Now let’s move on to a direct comparison with the Corsair MP600 PRO XT in the real life of a workstation. Indeed, the benchmarks below show some interesting things, as the Teamgroup T-Force A440 Pro 2TB writes about as fast as the Corsair SSD, but is almost consistently a tick faster on reads. This should be due to fine-tuning of the firmware, but is subjectively not noticeable in practice.
The bottom line is that both SSDs are about equally fast when you consider that the Corsair SSD already had a few reviews behind it and showed first signs of wear. This does put my workstation test into perspective a bit. When writing, the dynamic pSLC cache works, indisputably. At least as long as the NAND technically allows it. When reading, the cache then rather does not matter.
Reading is very similar, the newer SSD is always a tad faster, despite a decent fill of about 60% and artificially generated operating hours for a more practical test.
Yes, the performance is beyond reproach, but you really have to consider whether you really feel it subjectively and whether it really increases productivity in the individual case so that the surcharge is worth it. If you can answer it with yes, you will surely do everything right with such an SSD, no matter from which provider. The Teamgroup T-Force A440 Pro 2TB is a decent offering in its class and therefore fairly gets the buy tip.
Summary and conclusion
If you attach importance to maximum performance, then the Teamgroup T-Force A440 Pro 2TB is exactly what is currently technically feasible for the end user with normal effort. There are already a few in this performance class from the likes of Seagate, Samsung, MSI, WD and Corsair – now TeamGroup has a suitable answer too, good on them. And who needs something like that in real life now?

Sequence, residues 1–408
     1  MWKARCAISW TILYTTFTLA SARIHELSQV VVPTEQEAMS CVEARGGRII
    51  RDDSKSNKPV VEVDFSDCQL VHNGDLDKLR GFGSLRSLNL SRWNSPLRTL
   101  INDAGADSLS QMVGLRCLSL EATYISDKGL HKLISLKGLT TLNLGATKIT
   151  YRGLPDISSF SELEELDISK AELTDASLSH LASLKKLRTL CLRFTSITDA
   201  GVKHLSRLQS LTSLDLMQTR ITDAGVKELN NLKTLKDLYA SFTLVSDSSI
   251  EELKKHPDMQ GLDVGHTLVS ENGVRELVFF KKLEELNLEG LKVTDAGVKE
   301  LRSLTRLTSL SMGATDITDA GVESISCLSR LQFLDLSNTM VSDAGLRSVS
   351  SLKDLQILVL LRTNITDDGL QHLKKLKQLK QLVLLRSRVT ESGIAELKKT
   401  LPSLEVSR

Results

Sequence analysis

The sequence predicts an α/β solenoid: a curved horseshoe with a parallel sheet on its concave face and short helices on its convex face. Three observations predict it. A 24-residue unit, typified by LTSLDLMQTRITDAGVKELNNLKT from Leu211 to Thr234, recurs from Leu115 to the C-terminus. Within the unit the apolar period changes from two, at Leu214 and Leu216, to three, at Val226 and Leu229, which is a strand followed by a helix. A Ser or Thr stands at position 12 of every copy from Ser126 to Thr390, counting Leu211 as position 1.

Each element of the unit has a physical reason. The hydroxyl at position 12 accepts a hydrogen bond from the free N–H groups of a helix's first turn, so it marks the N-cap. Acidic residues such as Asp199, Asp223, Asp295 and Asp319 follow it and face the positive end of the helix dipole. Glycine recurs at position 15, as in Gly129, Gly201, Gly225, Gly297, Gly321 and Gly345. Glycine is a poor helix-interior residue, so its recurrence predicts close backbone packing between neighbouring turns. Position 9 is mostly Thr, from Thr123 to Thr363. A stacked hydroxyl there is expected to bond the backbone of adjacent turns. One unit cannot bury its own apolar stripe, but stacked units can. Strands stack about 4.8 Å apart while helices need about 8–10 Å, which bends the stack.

One can recommend such an SSD to all those who are on the hunt for the last ounce of performance and for whom the 5-year (limited) warranty from TeamGroup takes away some of the doubt as to how long the controller and the Micron NAND can cope with the switch from pSLC and TLC mode without any losses. It is no secret that this is also due to the interaction of controller and flash memory. It’s just that Micron hasn’t been doing this since yesterday. Only the 1400 TBW turn out to be a bit meager, because after exceeding it the warranty is also limited in this respect. But that’s what the other providers do, too.
Great product, adequate price and in the end it is once again the old knowledge that the last bit of performance is always the most expensive. If you want to be beautiful, you have to pay. That’s just the way it is, unfortunately.